SHARON, Pa. – The decision to focus on membership rather than fill the open executive director position is working out well for the Shenango Valley Chamber of Commerce, says the board president.
In June, the chamber announced that it had hired Jim Bombeck of Hermitage, Pa., to serve as director of membership. The hiring followed two unsuccessful attempts to fill the executive director post vacated in October by Olivia “Libbi” Brown. She was hired in April 2021 to succeed Sherris Moreira, who had left to join OhanaLink Technologies and now serves as the city of Sharon’s director of downtown development.
The chamber had one candidate in mind in late 2022 who ended up moving out of the area when her husband got a job out of town, according to David Grande, chamber board president. The organization made an offer earlier this year to another candidate who chose to remain with her current employer.
“I believe things happen for a reason,” Grande reflects. “Let’s be realistic. A chamber director’s job is not an easy job. Pay is not always fantastic.”
Chamber officials decided to look at the situation differently and determined that the most important part of the chamber wasn’t the organizational part but the membership part, Grande says. They decided to find someone who could work with Quentin Hinkson, who handles chamber marketing, and focus on serving members. That left the chamber board to handle oversight and administrative functions.
The board reached out to Bombeck, a member of the chamber ambassadors program, for what the Sharpsville native describes as “a perfect fit” for him. His résumé includes a 20-year stint in sales with Pennsylvania chocolate giant Hershey Co. and more recently as a sales executive with Webb Winery in Hermitage.
“Everything we do is generated from talking with members,” Grande says.
Top among the concerns chamber members express is finding employees, a common concern among businesses across the country, and the chamber has a job board to help members find qualified workers, Bombeck says.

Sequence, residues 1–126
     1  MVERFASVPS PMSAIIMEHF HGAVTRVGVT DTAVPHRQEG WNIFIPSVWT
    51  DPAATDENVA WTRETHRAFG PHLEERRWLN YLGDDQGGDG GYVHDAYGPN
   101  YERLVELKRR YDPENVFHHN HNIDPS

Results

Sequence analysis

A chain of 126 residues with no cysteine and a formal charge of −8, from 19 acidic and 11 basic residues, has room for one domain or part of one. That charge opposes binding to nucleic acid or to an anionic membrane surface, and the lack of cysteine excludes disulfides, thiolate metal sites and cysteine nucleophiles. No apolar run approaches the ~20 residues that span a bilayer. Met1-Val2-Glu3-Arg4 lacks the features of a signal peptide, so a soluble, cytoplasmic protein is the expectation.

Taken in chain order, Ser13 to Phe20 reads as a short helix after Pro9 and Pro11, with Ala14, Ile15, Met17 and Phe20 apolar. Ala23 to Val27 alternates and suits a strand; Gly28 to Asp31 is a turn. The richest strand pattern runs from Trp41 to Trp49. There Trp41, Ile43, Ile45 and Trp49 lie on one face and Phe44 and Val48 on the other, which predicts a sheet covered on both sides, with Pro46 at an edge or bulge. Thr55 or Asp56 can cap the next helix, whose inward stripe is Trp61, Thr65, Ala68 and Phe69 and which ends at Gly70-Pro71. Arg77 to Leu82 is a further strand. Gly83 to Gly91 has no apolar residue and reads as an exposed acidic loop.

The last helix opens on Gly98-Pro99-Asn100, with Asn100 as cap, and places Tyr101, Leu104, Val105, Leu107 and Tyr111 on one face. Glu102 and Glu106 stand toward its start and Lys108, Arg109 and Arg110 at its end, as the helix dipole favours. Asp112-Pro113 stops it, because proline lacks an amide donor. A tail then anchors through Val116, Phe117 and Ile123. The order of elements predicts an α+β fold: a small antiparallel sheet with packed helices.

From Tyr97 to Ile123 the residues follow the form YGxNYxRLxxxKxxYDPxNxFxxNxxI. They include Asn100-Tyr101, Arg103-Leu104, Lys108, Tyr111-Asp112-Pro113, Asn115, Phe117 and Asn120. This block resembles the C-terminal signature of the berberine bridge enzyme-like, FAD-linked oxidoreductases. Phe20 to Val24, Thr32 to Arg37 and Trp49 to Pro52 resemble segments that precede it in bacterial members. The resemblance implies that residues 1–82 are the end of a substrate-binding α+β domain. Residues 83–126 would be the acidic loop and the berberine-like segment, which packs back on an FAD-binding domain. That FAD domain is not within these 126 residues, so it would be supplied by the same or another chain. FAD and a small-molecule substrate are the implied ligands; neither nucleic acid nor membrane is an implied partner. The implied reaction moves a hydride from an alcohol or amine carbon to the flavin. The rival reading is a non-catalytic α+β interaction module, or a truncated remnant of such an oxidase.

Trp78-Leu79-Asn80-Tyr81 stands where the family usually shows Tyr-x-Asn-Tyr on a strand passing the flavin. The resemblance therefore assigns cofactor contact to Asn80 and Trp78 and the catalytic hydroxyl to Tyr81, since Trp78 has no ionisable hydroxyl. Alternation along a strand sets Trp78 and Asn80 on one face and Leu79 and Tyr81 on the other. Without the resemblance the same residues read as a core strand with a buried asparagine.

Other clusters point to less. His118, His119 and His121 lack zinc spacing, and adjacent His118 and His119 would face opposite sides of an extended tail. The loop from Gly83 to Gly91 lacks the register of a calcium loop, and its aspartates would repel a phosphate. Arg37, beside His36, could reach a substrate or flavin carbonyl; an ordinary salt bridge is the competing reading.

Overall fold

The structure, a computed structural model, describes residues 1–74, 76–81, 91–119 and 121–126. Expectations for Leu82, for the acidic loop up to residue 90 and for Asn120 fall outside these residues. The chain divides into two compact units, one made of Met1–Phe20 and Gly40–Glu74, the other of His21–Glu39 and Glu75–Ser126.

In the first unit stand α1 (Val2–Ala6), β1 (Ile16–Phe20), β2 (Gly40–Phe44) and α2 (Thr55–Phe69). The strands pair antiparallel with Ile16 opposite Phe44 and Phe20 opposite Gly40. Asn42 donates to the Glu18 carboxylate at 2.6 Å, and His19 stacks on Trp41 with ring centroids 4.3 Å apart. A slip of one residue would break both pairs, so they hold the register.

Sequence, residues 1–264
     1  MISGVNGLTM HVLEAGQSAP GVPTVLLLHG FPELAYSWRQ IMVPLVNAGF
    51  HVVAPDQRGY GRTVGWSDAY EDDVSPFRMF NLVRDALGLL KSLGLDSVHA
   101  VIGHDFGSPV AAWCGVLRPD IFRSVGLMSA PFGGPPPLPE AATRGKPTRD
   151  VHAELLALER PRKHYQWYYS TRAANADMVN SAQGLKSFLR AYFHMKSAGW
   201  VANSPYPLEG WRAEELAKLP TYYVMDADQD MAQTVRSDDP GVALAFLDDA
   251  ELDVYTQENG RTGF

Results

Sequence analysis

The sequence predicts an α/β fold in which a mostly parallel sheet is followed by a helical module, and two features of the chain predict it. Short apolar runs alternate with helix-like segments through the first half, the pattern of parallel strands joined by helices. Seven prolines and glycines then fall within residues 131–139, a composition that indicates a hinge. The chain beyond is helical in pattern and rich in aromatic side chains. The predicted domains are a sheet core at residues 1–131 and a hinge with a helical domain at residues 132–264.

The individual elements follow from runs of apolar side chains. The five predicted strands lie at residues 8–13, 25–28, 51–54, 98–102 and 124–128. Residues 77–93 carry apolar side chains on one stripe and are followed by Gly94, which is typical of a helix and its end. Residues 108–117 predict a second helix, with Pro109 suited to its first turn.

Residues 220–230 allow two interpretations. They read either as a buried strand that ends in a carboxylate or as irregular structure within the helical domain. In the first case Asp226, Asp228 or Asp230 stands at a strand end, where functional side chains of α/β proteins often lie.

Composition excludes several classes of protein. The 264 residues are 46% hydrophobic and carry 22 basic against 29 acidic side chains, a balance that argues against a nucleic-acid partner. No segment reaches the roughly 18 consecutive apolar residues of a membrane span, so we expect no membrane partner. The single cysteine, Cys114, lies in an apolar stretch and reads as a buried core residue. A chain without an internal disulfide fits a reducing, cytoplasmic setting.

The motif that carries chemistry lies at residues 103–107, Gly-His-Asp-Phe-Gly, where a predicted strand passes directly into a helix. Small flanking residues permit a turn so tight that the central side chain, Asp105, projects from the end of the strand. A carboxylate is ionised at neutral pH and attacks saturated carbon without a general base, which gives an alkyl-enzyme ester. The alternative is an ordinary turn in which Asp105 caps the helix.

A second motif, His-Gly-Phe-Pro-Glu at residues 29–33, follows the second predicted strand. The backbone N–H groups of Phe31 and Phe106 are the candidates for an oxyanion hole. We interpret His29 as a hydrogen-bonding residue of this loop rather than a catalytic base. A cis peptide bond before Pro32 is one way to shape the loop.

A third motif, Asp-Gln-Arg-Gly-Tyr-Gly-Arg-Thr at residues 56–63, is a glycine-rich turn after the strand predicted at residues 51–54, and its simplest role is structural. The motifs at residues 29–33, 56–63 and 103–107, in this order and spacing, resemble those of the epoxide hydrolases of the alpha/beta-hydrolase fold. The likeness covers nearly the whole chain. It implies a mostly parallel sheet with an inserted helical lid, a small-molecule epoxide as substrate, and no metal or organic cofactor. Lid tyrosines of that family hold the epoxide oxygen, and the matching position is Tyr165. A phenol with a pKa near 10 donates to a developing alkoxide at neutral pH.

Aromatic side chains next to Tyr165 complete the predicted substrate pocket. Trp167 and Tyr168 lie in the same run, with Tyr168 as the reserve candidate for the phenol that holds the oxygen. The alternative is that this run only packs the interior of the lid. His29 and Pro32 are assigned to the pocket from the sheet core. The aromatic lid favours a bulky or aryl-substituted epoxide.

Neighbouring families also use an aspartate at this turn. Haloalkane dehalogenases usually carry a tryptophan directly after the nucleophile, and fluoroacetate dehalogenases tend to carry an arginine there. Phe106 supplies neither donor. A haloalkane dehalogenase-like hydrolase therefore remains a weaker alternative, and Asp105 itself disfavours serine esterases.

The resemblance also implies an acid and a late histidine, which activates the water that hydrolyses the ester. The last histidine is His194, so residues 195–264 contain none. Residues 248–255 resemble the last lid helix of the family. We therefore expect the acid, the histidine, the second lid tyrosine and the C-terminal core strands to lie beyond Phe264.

Receiving the biggest “bang for your buck” from their chamber membership is another concern for members.
“That’s where I come in, to remind them of all the things we offer,” Bombeck says.
Focus areas for the chamber include getting members to interact and network more through social and professional development events, according to Grande.
In May, the Shenango Valley chamber, in conjunction with other area chambers, hosted the 30 Under 40 Awards to recognize young professionals.
Over the past year, the chamber also has started doing a breakfast program, Business at Sunrise.
“Those meetings in the morning, you have 30 people talking about what they do to people who may or may not know what they do,” Grande says. “It’s just a way to do that on a regular basis to connect companies together.”
Among the initiatives the chamber is looking to revisit this year is a member-to-member discount program, he reports.
In addition to meeting with members, the intent is for Bombeck to connect with officials from the various Shenango Valley communities to see how the chamber can interact with their economic development departments.
“We try to engage with Penn-Northwest [Development Corp.] as well on the economic development and industrial side,” Bombeck says. “We want to be their eyes and ears for a segment that they don’t always hit, and vice versa.”
Later this year, the chamber plans to host a “business-type forum’ with the candidates for Mercer County commissioner, Grande says. This year, two of the three commissioners aren’t running for reelection. The goal is for business owners to discuss with the candidates what they think could be done to drive economic development or bring investment to the area.
The chamber will again host its annual meeting in November in conjunction with the Phoenix Awards, which the chamber previously held in the spring.
Combining the annual meeting and awards program allows the chamber to focus on events in spring or early summer “that we maybe didn’t spend a lot of time on,” Grande says.
After just over two months on the job, Bombeck says he is “having an absolute ball” in his new role.
“I’m starting to know what I don’t know. But I absolutely love the interaction with the members. I absolutely love the cold calling on people who are potential members,” he asserts.
“If the last couple of months is any indication, I think this would be a model that we’ll look to stay with. It’s going to be driven by what it is the membership wants, what we can accomplish,” Grande says. “We would like to think this is not a six-month experiment. Unless our operational situation or financial situation or our members dictate that we need to do something different, I think this is our path for the foreseeable future.”
Pictured at top: David Grande is president of the Shenango Valley Chamber of Commerce. Jim Bombeck is director of membership.